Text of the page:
Sipoonlahti school is a holistic learning environment, where new and old structures, indoors and outdoors join to support the new Finnish curriculum. The project is a result of an invited architectural competition in 2016. The winning design by Architects Rudanko + Kankkunen and Architects Frondelius + Keppo + Salmenperä was called ”Tandem” to emphasize the connection between the new and the old. The red and black brick-clad extension parts are placed in front of the existing school, and they join the old school building’s main room seamlessly.
The new wings create small learning courtyards between the old and the new school. The extension also gives the complex a new lower front facade, which is playful and introduces a child scale to the large building complex. The aim of the competition was to create a learning environment corresponding to the new Finnish Curriculum. Sipoonlahti is one of the early examples of this since the new curriculum was just released in 2016.
The curriculum emphasizes children as individuals, who are unique and different learners. It encourages phenomenon-based learning, where children explore the world’s phenomena mixing different subjects and allowing teachers to collaborate. From learning spaces, this new approach requires versatility. Children sometimes work in small groups, sometimes all gather together for performances or presentations, and sometimes take time for themselves to immerse in learning or playing in their own preferred method. Space needs to be flexible: the same amount of square meters that used to be spread evenly into same-size classrooms is now used for different learning zones such as teamwork hubs, reading corners, and gathering areas.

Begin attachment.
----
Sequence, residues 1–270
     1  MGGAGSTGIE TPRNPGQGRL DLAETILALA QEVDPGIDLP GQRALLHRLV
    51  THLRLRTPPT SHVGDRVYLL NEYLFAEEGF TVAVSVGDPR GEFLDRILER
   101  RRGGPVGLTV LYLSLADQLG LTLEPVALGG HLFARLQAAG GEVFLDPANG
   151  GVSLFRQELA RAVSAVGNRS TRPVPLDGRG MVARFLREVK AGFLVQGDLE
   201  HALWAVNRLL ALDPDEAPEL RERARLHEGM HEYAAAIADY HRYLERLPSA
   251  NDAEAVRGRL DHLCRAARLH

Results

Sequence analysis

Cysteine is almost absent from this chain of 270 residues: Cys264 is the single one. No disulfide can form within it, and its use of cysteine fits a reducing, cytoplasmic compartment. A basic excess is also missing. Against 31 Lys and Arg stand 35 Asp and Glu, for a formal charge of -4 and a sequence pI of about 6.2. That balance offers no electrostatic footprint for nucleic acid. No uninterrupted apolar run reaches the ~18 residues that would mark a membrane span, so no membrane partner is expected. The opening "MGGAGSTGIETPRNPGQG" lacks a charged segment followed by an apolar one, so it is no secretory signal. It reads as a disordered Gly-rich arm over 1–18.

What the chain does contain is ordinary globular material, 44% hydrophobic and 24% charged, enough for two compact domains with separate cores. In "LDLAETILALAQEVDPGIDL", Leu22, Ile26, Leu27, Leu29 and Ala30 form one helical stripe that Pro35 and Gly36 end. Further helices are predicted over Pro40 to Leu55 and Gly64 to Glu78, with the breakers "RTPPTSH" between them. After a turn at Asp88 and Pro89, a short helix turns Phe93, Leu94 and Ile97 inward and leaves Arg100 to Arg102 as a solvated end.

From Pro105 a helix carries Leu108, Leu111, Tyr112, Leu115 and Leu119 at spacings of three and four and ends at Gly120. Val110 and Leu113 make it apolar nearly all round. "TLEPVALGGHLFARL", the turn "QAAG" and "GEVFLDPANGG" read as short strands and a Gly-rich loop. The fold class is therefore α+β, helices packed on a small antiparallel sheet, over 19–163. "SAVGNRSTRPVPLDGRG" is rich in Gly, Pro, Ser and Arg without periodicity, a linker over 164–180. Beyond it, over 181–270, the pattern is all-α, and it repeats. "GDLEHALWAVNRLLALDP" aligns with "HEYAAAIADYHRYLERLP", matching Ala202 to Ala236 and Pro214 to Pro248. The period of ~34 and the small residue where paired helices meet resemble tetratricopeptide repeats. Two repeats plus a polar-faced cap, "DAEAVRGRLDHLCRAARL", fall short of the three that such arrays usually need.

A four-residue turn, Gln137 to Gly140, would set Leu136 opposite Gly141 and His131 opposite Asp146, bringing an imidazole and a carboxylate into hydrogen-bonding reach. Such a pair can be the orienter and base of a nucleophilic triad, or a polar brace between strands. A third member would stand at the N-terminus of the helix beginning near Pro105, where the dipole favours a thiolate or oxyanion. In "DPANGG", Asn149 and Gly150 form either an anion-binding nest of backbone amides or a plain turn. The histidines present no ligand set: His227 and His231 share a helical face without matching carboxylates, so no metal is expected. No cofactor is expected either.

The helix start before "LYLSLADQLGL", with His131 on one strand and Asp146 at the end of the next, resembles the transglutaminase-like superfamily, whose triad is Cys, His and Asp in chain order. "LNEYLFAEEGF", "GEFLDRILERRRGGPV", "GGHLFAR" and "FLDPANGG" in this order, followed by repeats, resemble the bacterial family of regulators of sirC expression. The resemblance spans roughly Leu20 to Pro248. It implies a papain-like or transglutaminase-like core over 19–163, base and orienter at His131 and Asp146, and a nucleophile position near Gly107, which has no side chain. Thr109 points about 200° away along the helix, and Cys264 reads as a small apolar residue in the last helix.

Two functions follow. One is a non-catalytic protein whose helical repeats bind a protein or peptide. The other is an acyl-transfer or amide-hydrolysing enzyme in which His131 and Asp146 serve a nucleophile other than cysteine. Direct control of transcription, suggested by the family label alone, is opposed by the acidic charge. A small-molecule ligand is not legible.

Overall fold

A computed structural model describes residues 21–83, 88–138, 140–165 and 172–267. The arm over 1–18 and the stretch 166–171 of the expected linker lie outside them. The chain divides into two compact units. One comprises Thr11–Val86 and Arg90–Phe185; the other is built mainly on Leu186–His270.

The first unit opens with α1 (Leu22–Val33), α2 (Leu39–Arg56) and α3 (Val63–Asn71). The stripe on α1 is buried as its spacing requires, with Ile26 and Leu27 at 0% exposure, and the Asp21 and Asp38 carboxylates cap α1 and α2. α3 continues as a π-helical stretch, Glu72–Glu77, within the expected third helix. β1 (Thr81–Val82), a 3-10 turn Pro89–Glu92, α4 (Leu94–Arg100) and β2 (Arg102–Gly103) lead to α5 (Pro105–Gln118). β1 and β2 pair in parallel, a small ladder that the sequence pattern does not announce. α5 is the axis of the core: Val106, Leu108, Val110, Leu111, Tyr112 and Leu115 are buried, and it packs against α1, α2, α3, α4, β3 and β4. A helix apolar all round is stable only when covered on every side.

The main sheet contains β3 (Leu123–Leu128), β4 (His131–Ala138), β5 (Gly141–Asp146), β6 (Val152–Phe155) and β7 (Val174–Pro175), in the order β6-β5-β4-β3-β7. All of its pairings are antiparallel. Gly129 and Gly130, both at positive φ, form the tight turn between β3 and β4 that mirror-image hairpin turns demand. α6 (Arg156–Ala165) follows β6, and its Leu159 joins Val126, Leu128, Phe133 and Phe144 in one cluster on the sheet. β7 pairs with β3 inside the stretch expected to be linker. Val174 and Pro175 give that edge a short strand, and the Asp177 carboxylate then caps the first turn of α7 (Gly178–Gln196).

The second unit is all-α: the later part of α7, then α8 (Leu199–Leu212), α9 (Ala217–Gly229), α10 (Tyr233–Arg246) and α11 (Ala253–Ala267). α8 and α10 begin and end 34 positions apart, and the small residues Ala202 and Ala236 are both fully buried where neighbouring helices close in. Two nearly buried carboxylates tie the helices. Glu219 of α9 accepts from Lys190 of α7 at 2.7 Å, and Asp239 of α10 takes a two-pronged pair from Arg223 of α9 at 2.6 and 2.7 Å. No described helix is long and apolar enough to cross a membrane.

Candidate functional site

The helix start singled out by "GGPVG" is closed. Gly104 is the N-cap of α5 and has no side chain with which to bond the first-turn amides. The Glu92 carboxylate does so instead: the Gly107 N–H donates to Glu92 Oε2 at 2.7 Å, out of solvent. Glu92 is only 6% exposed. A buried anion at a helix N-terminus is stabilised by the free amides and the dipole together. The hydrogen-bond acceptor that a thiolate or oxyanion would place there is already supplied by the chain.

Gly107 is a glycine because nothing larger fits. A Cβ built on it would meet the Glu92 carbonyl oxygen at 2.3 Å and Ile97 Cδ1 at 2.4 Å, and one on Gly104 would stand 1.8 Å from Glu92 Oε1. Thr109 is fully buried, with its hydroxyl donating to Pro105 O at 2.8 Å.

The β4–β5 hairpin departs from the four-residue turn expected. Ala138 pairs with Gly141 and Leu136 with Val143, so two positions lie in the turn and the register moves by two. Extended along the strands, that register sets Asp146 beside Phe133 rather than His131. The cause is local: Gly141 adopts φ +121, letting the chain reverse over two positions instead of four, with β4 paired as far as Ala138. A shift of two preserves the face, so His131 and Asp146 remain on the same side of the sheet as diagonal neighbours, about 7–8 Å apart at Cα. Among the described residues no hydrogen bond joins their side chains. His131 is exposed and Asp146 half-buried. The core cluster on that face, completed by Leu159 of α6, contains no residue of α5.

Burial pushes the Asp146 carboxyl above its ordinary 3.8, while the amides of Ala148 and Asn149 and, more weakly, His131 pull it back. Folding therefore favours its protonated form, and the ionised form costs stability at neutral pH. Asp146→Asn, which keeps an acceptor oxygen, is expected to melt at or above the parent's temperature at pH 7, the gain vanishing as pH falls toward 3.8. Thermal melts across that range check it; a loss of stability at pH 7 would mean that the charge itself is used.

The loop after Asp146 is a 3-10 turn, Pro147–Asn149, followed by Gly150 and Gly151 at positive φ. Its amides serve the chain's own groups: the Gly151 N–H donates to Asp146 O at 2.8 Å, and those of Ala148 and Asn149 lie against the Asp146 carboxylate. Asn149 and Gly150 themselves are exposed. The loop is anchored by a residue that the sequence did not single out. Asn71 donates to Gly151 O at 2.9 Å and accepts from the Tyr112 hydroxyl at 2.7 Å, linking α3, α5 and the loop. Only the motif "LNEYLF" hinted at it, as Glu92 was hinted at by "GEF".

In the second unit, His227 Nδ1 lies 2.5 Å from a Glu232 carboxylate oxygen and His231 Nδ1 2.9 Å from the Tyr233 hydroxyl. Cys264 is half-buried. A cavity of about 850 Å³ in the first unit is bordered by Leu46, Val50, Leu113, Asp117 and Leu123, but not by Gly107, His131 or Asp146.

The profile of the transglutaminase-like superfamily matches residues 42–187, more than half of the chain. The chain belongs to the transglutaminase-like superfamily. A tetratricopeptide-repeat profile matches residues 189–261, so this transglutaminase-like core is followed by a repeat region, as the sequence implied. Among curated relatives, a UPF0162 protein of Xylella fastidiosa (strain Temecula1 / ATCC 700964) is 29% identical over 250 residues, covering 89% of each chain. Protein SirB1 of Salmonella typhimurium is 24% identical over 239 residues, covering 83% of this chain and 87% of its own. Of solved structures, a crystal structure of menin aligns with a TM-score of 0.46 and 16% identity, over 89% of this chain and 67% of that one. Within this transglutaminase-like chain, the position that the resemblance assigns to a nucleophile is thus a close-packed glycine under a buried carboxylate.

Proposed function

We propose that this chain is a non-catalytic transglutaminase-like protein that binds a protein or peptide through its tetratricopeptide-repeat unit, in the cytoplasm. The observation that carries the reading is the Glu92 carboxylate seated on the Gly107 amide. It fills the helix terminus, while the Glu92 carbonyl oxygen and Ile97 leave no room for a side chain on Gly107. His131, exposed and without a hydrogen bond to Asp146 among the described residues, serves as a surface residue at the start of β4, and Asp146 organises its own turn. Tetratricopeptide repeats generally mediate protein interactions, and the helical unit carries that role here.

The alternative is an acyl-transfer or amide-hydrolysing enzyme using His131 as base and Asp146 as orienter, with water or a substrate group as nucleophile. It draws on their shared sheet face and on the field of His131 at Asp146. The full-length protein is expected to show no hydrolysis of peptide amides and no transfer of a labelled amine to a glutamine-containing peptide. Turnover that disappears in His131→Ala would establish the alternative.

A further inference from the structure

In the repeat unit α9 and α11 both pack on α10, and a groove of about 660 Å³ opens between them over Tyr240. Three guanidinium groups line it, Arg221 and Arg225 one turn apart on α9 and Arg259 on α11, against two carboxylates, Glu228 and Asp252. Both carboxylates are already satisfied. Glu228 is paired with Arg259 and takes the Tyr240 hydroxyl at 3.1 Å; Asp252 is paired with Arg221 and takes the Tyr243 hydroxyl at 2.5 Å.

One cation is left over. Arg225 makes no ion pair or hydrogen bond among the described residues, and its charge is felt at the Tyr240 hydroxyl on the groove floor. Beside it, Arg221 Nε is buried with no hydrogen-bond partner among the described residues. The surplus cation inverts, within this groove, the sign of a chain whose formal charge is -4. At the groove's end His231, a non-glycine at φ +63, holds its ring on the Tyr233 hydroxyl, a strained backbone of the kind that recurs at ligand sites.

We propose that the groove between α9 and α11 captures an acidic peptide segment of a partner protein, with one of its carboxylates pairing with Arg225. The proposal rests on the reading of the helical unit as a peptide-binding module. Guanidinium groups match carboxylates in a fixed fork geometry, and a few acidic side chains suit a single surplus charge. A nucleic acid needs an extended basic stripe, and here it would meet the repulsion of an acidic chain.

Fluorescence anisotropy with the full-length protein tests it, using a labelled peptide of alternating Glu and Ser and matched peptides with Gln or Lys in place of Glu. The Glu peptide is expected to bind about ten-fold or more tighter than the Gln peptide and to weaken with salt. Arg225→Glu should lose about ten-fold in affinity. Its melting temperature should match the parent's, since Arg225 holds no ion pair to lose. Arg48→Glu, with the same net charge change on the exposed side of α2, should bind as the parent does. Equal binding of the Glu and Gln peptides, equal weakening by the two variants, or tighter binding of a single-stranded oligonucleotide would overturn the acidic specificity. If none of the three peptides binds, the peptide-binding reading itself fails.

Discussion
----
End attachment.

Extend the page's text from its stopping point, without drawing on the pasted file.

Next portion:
In Sipoonlahti, we have organized the new learning environment into learning villages. Children enter through the inner courtyards to their own learning village. Learning villages are located in each wing of the building, and each of them hosts spaces for four to five learning groups led by teachers in collaboration – that is, approximately a hundred students. The learning village is divided into different types of zones suitable for working in groups of different sizes. The themes and space allocation in the learning village can change flexibly during the day. The learning village is a cozy carpeted space with an abundant open gathering zone and several different-size rooms suitable for teaching and group work. Small house-shaped group workshops are also set up in the open zone for group work and social encounters. Learning villages are all connected to the heart of the school, the dining and performance room with dining areas, a library, a small auditorium, and a stage.
Space is transformed from the existing central lobby of the old school building. The old lobby has been joined with the extension and filled with new rooms floating at second-floor height. Under these floating cubes, there are new stairs, a stage, and dining or learning lounges. Filling in the existing high space with these floating cubes is a key architectural characteristic of the school’s interior. The learning environment is not only confined to the interior. Children are encouraged to experiment and explore phenomena also outdoors, thus learning how to connect the subject to their own living environment.
The outdoor space is designed as an extension of the learning environment. It is easy to move between in- and outdoors, as children have their shoes located by their own entrance. The inner courtyards are easily supervisable and apt for smaller kids to learn, and older ones can make their explorations further for example at the campus pond. The campus yard is designed by Nomaji landscape architects and Virearc to serve different learning themes and sports activities.